He said the conditions in the creek were ripe for the algae bloom because of high levels of chloride and other dissolved solids, as well as the creek’s temperature.
Huffman blamed golden algae, or chrysophytes, a large group of algae, found mostly in freshwater -- usually in the desert Southwest and warmer climates than West Virginia.
“The algae is the culprit, but the water temperature, the sunlight, and the makeup of the water from the mine drainage have worked together to create the perfect storm for this algae,” Huffman said.
He says the algae can flourish in areas with high chloride levels and other total dissolved solids – such as exist now on Dunkard Creek.
Those chloride levels were high, he said, in part because of discharges from Consol Energy’s Blacksville No. 2 mine and an acid mine drainage treatment facility upstream at St. Leo.
He said those levels appear to have increased recently. One possible culprit is a new borehole on the Pennsylvania side that’s injecting polluted water into the mine void.
Huffman did not say what that borehole was, but last month, the EPA fined CNX Gas Co. more than $150,000 for failing to properly staff the site of a shaft injection well in Green County, according to the Observer-Reporter in Washington, Pa.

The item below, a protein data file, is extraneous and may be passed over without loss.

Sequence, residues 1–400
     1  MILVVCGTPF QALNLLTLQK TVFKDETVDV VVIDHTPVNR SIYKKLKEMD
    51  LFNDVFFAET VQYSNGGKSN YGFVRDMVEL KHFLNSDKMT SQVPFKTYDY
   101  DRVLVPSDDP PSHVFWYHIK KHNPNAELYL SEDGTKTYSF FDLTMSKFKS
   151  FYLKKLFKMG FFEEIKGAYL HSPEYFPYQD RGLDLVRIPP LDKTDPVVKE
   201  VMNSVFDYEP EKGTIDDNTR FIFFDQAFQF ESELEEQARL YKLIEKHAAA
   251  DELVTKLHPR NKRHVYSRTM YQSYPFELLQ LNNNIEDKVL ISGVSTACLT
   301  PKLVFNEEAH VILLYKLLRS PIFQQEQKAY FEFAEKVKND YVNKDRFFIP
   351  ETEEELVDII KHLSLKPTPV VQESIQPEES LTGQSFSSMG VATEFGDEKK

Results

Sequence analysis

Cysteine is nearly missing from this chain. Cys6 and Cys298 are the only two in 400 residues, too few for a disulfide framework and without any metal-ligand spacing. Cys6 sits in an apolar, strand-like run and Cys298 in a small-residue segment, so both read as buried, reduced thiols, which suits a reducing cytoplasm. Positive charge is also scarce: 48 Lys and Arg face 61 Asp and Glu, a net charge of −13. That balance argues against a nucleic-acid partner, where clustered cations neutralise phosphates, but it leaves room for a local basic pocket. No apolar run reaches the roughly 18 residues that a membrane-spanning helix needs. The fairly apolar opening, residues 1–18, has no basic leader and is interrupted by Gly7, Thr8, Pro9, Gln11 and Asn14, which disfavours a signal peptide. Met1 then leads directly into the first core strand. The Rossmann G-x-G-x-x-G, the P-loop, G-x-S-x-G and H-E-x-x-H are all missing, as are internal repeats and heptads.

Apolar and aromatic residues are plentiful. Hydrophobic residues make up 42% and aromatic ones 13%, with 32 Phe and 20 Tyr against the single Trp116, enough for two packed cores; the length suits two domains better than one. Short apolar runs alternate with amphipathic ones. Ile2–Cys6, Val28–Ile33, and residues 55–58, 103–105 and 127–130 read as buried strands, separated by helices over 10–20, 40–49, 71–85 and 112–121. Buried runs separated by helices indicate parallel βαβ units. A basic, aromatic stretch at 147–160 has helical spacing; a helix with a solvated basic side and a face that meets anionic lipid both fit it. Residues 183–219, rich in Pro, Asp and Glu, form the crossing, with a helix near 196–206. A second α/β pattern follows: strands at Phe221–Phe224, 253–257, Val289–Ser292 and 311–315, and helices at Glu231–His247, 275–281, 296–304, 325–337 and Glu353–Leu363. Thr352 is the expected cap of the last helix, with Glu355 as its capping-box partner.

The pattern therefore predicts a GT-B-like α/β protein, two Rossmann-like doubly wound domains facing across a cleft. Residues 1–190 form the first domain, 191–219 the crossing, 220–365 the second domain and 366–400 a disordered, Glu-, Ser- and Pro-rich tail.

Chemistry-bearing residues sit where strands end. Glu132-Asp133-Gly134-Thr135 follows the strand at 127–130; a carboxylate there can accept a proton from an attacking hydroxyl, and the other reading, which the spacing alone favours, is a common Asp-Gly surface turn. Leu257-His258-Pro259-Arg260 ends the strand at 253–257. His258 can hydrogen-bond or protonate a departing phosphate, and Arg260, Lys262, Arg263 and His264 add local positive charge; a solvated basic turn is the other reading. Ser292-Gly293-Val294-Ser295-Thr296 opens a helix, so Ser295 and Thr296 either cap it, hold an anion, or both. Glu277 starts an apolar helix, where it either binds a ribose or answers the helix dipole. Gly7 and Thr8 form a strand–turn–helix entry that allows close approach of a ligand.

The EPA permitted the well in 2005 for disposal of CNX Gas Co. coal bed methane brine.
Since at least 2002, DEP officials have known that Consol’s discharges were violating federal water quality standards.
But in 2004, 2007 and 2008, the agency gave them additional time to comply. The most recent compliance order sets a deadline of 2013 for Consol to meet Clean Water Act standards.
In August 2008, the Appalachian Center for the Economy and the Environment notified state officials it intended to sue. It was trying to force Consol to comply with the federal Clean Water Act.
Just hours later, DEP officials sent out a public notice of its intent to give Consol until 2013 to meet chloride standards.
On Wednesday, Consol Energy’s spokesman Tom Hoffman also blamed an algae bloom for the fish kill. But he did not believe it is connected to his company’s discharges.
Dunkard Creek meanders over 38 miles on the border of West Virginia and Pennsylvania, near Morgantown.
Earlier this month, the massive fish kill eliminated more than 160 species of fish, salamanders and endangered mussels from one of the most biologically-diverse streams in either state.